Alan Wake 2 Review

by Gamingstry
Alan Wake 2

Release Date : October 27, 2023
Developer(s) : Remedy Entertainment
Publisher(s) : Epic Games Publishing
Platforms : PS5, Xbox Series X/S, PC

No one expected it, not even the biggest fans of the first episode, but now it’s official: Alan Wake 2 is here. The success of Alan Wake is the result of both the dedication of Remedy, a talented studio, and its ability to create a rich, interconnected universe.

Yes, in a way, Control’s success is the best thing that ever happened to the writer, who found himself plunged, unwillingly, into a much larger story than he had first imagined, with the addition of the DLC “AWE”. Over three years later, and thirteen after the release of the first game, Alan Wake is back with a new adventure, a direct sequel to the original, introducing plenty of surprises and horrors.

The good news is that not only is the game designed for release exclusively on next-gen consoles and PCs, promising an experience worthy of today’s technologies, but good old Sam Lake is taking the helm. A well-known figure in the industry, not satisfied with having participated in the development of several iconic productions, he has also lent his face to Max Payne’s first adventure. Here, he’s not only behind the camera, but he’s also playing a part in the story, alongside Saga Anderson, a new protagonist bringing her expertise as an FBI agent between two passages in the Dark Place with Alan.

Before diving into the horror, here’s a little head’s up that you might find useful: No, Alan Wake 2 is not for newcomers! This means that it is intended for players who have already completed the first game, and who have already made it through Control and its AWE DLC. Those who haven’t completed these adventures beforehand are strongly advised to avoid this survival horror. On one hand, they risk missing out on a considerable number of references, contributing greatly to the depth of the storyline of this game which is heavily focused on its narrative. On the other hand, newcomers might not be able to properly comprehend the story, which makes no concessions at all. You’ve been warned.

The adventure begins on a beach, in the middle of the night, with a middle-aged man, paunchy and completely naked, struggling to remove the wet sand clinging to his skin. Groping his way through this spooky natural space, he is spotlighted by two enigmatic figures, who quickly return to hiding in the shadows, clearly terrified by his appearance. After a few minutes’ walking, he is caught by a masked group, apparently with evil intentions, who tie him to a table and kill him with a violent knife wound in the chest, before ripping out his heart with their bare hands. And that’s the end of Alan Wake 2’s opening scene, which is both disturbing and brutal.

We quickly discover that thirteen years have passed since Wake’s disappearance. But also that what we’ve just seen took place in Bright Falls, the same location where the events of the first episode took place, right on the outskirts of Cauldron Lake, a place charged with an aura of evil, having already had its part to play in our writer’s adventures. Here, we meet Saga Anderson and her partner, Alex Casey, played by Sam Lake. We understand that the investigation has been taken over by the FBI, who have sent two skilled agents to the scene, to find out whether, as the initial report would have it, the area is facing an epidemic of ritual murders, committed by a cult that nobody seems to know anything about.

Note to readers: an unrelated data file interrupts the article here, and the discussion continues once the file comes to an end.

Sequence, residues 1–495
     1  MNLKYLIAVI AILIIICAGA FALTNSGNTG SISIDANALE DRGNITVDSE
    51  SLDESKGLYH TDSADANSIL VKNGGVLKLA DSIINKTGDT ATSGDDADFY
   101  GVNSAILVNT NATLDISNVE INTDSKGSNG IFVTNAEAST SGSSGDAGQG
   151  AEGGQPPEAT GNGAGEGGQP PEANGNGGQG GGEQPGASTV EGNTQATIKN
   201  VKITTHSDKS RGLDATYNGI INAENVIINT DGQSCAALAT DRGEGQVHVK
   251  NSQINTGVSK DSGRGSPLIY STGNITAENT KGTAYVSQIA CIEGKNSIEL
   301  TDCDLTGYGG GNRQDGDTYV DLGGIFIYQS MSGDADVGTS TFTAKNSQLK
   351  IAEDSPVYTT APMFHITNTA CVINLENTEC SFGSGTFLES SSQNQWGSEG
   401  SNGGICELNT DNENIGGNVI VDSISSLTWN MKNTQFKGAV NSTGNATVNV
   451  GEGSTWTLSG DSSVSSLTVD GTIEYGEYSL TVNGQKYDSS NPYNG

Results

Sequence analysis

The good news, for the player at least, is that this case is about to take a surprising and unexpected turn. But what about our beloved Alan Wake? Well, those who have already completed the first game and its DLC, as well as AWE, know that he is no longer exactly in our reality, having voluntarily surrendered to a nightmare created by the Dark Presence, a mysterious antagonist, in order to save Bright Falls, but above all to bring his wife back to life. If you’ve never played the game before, this is probably where you begin to understand why we don’t recommend this sequel to newcomers.

Without getting into the details of the storyline, which includes several clever twists and turns, it’s worth mentioning that Alan Wake 2 makes some surprising choices. Nothing we could have imagined before getting our hands on this sequel actually happens. Instead, we’re faced with a strange, mystical adventure, full of good ideas. Ideas that are perfectly exploited by the divine staging. Remedy’s title is so rich, the narrative is well mastered from start to finish, the characters are well written, and there are plenty of winks that never fall into regrettable fan service.

Alan Wake 2 is definitely a new-generation game, as we saw in the previews published before its release. Technically, it’s breathtaking, running smoothly in general, even if it does have a few weaknesses on occasion, particularly bugs that break immersion a little. Some of these are more problematic than others, and can completely block your progress. We’re sure that a few patches will solve these problems, but at launch, the experience will be less pleasant.

Having said that, Alan Wake 2 is a real lesson in direction and storytelling. The dialogues are well written, and the visual and story ideas are absolutely brilliant. What’s more, its progression is intelligent and permissive, giving players the choice of playing as Alan or Saga in their different adventures. Again, a clever idea that allows players to forge their own story at their own pace. However, no matter how you approach events, the pace will remain slow – some would even say sluggish. This may not suit those who have experienced the momentum of the first game, and Control.